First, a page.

With the help of Dilbeck's limousine driver, Erin drives the two men to a sugar cane field owned by Dilbeck's most prominent supporters. When the car stops, Darrell runs into the cane and winds up falling into a drug-induced slumber; he is killed when the cane is fed into a milling machine. Erin offers to slow-dance with Dilbeck in the cane field. Dilbeck believes the dance is a prelude to "wild cowboy sex," but when he realizes it is not, he tries to rape Erin – at which point he is seized by a squad of FBI agents, led by Erin's old boss, who received an anonymous call saying she had been kidnapped. Erin gives Dilbeck an ultimatum: in exchange for avoiding arrest and public exposure, he must resign from his congressional seat.
With Darrell gone, and the threat to her from Dilbeck and his patrons removed, Erin resigns from the club and starts a new life with Angela. In the epilogue, it is said that she has gotten back her old job as a secretary with the FBI and a night job dancing in the Main Street Parade at Walt Disney World, and is currently applying to become an FBI agent herself.
Times reviewer Donald E. Westlake described Hiaasen's style as "a cross between Dave Barry and Elmore Leonard." In a positive review of the novel, Westlake claims that this is Hiaasen's strongest novel to date, writing:
In among his freaks and obsessives ... the author has dropped a real honest-to-God human being, an appealing young woman named Erin Grant. Her presence ... makes the cartoon nastiness around her less cartoony and more nasty than in previous Hiaasen novels.
Connections with Hiaasen's other works
- Al Garcia, who has appeared in Tourist Season, Double Whammy, and Skin Tight, makes his fourth, and (to date) last appearance in Hiaasen's novels.
- The book rails against the sugar cane industry for its exploitation of migrant labor (a theme briefly touched on in the previous novel Native Tongue) and pollution of the Everglades, both of which crimes are also carried out by "Red" Hammernut, the corporate villain of Hiaasen's later novel Skinny Dip.
- Malcolm Moldowsky is a political fixer, but his ostensible occupation remains unspecified. Palmer Stoat, the main antagonist of Hiaasen's novel Sick Puppy, plays a similar role to Moldowsky's, and is a lobbyist by profession.
Allusions to history, geography, or people
- Dilbeck is based on J. Herbert Burke, a Republican Congressman from Broward County who was arrested for disorderly conduct in a topless bar in 1978.
- In his book, The Swamp, a history of the Everglades, Michael Grunwald opines that the fictional Rojo brothers, Dilbeck's main patrons in the sugar cane industry, are thinly-veiled parodies of Jose and Alfonso Fanjul, the owners of a large sugar cane conglomerate in Florida. Like the fictional Rojos, the Fanjul brothers became notorious in Florida for their ostentatious displays of wealth, and so served as a living indictment of the "struggling family farmer" myth used to promote agricultural subsidies.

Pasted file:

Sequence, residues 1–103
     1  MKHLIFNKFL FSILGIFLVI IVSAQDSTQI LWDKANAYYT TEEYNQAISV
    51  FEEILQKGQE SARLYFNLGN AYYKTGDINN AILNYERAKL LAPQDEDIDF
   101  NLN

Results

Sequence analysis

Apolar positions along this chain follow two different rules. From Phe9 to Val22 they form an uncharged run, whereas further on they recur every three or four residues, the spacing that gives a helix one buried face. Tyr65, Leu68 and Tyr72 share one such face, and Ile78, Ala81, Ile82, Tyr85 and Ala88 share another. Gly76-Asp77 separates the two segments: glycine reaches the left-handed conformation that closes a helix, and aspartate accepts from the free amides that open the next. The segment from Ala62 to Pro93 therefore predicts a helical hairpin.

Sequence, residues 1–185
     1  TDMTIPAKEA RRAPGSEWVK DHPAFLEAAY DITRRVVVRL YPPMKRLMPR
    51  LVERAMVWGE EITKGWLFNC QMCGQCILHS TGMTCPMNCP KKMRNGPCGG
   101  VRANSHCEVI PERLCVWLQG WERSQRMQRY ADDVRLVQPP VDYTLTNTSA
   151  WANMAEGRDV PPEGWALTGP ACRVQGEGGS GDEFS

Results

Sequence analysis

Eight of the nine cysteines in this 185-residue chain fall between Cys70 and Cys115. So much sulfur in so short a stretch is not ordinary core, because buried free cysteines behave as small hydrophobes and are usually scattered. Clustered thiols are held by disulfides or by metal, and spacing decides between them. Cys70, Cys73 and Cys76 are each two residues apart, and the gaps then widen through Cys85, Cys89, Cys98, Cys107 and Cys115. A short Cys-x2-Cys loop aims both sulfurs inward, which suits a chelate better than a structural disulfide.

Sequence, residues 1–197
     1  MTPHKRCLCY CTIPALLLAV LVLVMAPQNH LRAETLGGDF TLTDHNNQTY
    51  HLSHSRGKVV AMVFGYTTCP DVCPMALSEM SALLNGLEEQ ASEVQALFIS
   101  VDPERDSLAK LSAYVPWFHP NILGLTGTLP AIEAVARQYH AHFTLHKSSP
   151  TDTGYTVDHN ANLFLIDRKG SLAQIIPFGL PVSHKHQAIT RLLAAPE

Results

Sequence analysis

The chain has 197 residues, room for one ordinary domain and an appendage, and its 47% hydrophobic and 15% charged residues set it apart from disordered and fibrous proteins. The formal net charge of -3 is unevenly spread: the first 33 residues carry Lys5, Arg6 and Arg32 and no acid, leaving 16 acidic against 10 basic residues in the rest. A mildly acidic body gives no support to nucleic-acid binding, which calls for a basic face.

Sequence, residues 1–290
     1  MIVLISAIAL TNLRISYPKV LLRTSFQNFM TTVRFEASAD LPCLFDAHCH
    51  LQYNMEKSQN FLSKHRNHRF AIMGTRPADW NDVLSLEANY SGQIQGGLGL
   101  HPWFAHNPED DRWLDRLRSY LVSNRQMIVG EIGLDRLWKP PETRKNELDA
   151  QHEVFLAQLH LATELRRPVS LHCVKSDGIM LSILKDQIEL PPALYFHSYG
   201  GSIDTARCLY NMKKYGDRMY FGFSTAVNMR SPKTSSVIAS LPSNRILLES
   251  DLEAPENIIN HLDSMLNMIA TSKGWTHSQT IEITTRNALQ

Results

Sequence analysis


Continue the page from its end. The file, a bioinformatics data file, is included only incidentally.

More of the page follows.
- The Eager Beaver's owner, Orly, often boasts of ties to organized crime figures, such as Angelo Bruno, "Little Nicky" Scarfo and "Fat Tony" Salerno. One of these boasts falls flat when Salerno's death (which occurred in 1992) is reported.
- Moldowsky's hero and mentor is John Newton Mitchell, Richard Nixon's Attorney General, convicted of multiple crimes in connection with the Watergate scandal.
- In berating Dilbeck for his stupid behavior, Moldowsky reviews the names of several past politicians soiled by sex scandals: Gary Hart, Chuck Robb, and Teddy Kennedy.
- Moldowsky also lists women whose names have been associated with such scandals, including Fanne Fox (associated with Wilbur Mills), Elizabeth Ray (associated with Wayne Hays), Donna Rice (Gary Hart) and Gennifer Flowers (former president Bill Clinton).
- In lecturing Dilbeck, Moldowsky crudely paraphrases George Santayana's famous aphorism, "Those who ignore history are doomed to repeat it."
- Several real-life members of the U.S. Congress and Senate are also mentioned by name as Dilbeck's contemporaries, including Bill Bradley, John Kerry and Daniel Patrick Moynihan.
- Garcia refers to the founding of the United States as a nation when he wonders aloud "what Thomas Paine would think of a Congressman who has sex with old shoes and laundry lint."
- In trying to impress Erin, Dilbeck shows her photos of him with several real-life politicians and celebrities, including Tip O'Neill, Colin Powell, Bill Bradley, Chris Dodd, Al D'Amato, Newt Gingrich and Chuck Norris.
In 1996, it was adapted to the screen, under the title Striptease, written and directed by Andrew Bergman, and starring Demi Moore as Erin, Burt Reynolds as Dilbeck, Ving Rhames as Shad, Armand Assante as Al Garcia, Robert Patrick as Darrell, Rumer Willis as Angela and Paul Guilfoyle as Moldowsky.
- "The New York Times: Book Review Search Article". www.nytimes.com.
- Navarro, Mireya (July 4, 1996). "AT HOME WITH: Carl Hiaasen;Can Success And Satire Mix?" – via www.nytimes.com.